Back in 1985, as I recall, science fiction writer Frederik Pohl was a guest of honor at Life, the Universe and Everything, BYU’s annual science fiction and fantasy symposium (still running, by the way. My son Nathan is co-chair this year. Tracy Hickman is the writer guest of honor, Jim Christensen is the artist guest of honor, and Dave Wolverton/Farland is expected to show up as well. February 19-21. Don’t miss it.)
Anyway, as I remember it, Pohl let us know that he wanted some unscheduled time that he could use to write in his hotel room each day while he was here. He’d found by long experience–so he said–that if he didn’t get in at least 4 pages of writing a day, it became progressively easier not to write on each subsequent day.
I don’t have anything like that kind of a set routine. Basically, I’m still stumbling around trying to figure out what works for me–trying to get to a point where something does work for me: the right balance of writing and not-writing, focus and distraction and realignment, time spent on what I think of as writing support services (research; sales and publicity–such as it is at this point; nagging my test readers; reading about writing; writing about writing) versus time actually producing text.
I have managed to acquire a kind of internal sense for when I haven’t done enough writing yet, and then a slightly (perhaps deceptively) different sense for when I’ve done enough and should walk away from it awhile. A way of noticing, I guess, which type of imbalance I’m suffering from at any given moment. (And we all know that writers are unbalanced anyway.) It’s a start.
They say that people who exercise frequently come to like the endorphins that get released during the process, so that exercising becomes enjoyable for them. (You’ll guess from my language that this isn’t something I’ve had enough experience with to know about firsthand.) That seems kind of kinky to me–a kind of chemically induced masochism–but hey, whatever works.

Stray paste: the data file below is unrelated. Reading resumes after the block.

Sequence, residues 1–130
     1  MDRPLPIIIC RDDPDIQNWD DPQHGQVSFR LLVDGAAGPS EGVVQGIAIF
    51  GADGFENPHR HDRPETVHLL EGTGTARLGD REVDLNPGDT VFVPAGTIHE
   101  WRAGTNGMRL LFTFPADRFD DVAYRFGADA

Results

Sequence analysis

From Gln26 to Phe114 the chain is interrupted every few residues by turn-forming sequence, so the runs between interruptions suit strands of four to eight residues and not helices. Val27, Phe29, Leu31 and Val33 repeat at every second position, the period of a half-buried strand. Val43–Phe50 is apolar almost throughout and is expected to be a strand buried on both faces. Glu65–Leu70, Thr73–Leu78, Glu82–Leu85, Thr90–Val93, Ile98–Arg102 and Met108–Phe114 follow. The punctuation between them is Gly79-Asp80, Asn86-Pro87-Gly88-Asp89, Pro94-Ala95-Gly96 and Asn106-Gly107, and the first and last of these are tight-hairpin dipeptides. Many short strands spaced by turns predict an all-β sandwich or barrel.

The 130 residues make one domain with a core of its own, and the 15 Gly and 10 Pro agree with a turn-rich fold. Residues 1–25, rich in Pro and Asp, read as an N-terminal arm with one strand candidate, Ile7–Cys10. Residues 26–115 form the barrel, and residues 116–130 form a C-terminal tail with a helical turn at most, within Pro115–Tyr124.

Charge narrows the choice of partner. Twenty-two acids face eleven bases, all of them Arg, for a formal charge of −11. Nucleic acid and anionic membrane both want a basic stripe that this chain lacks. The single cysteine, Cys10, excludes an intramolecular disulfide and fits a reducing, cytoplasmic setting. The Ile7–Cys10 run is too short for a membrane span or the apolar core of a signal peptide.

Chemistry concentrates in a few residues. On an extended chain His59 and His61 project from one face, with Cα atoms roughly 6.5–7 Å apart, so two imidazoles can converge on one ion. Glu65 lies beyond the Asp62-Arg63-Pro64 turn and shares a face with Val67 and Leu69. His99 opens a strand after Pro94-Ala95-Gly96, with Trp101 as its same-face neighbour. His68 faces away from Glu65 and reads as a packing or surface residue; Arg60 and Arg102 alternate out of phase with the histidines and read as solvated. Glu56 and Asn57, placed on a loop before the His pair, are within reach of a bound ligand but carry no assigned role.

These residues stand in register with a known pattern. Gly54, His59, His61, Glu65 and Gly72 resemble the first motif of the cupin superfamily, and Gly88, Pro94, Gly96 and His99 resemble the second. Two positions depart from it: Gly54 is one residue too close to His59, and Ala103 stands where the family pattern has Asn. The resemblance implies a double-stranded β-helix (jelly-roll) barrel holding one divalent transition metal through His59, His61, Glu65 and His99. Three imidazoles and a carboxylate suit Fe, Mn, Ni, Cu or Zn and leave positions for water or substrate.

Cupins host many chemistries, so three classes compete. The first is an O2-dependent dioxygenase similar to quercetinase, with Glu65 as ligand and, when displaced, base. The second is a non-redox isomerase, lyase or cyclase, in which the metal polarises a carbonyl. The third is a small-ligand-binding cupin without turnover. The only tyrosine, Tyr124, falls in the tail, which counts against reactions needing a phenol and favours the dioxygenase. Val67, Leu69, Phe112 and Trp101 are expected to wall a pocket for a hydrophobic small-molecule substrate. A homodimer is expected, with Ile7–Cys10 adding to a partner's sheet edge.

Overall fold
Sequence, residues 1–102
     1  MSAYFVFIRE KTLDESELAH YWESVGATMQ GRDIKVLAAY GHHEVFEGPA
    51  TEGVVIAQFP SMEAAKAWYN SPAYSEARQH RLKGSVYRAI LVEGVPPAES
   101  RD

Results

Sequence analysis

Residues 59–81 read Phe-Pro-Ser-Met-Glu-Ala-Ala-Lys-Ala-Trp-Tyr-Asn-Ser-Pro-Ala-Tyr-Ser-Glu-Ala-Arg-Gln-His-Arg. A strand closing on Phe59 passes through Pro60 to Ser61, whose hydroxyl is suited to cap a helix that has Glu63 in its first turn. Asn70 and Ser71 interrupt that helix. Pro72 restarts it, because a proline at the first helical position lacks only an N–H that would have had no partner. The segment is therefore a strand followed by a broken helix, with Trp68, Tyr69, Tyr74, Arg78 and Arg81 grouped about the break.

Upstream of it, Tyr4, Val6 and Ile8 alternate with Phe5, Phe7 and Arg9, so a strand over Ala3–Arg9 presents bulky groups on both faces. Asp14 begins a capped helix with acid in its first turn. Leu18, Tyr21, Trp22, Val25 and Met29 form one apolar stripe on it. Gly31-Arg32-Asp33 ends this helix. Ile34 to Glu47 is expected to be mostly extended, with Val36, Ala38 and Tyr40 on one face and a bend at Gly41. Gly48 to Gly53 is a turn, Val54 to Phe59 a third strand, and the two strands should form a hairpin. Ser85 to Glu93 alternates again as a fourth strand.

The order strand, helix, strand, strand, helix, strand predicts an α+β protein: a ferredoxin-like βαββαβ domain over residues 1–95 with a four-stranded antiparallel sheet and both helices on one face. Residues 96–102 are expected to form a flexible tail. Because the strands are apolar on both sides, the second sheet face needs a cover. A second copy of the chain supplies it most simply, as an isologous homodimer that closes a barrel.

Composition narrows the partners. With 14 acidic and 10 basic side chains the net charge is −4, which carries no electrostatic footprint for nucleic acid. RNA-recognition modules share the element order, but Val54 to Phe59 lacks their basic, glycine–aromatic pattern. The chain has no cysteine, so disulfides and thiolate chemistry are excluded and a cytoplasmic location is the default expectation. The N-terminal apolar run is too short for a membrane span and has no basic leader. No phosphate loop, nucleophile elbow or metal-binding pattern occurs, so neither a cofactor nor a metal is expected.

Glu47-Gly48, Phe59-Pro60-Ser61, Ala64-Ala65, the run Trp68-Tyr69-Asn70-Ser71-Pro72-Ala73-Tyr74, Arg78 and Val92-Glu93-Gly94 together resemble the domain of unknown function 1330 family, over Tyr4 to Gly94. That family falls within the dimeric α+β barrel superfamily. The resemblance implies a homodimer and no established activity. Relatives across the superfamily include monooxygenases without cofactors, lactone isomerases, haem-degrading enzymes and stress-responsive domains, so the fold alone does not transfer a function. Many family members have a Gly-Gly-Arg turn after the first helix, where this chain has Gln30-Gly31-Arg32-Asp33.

I was really excited one time, hearing a writing friend of mine describe what sounded like a writing-based equivalent of this–until I realized that he was, in fact, talking about actual physical exercise, not natural happy-chemicals released from his writing habit. Rats.
The thing is, though, that I sometimes do feel something like this. A kind of pleasant mental burn, accompanying the ache of effort. Not all that often, and not all that much, but enough to make me hope that maybe someday, if I really get into training with my writing, that kind of thing will happen often enough to make writing mentally and emotionally easier than it is at present. That I’ll be able to produce my own happy-drugs from writing. (And what does it say about how I think about writing, that one of my fondest wishes would be to attain a chemically altered state that I don’t have to confess to my bishop about? Hm.)
If I ever get there, I’ll let you know. Meanwhile, here’s to lurching on from one off-balance state of writing consciousness to another . . .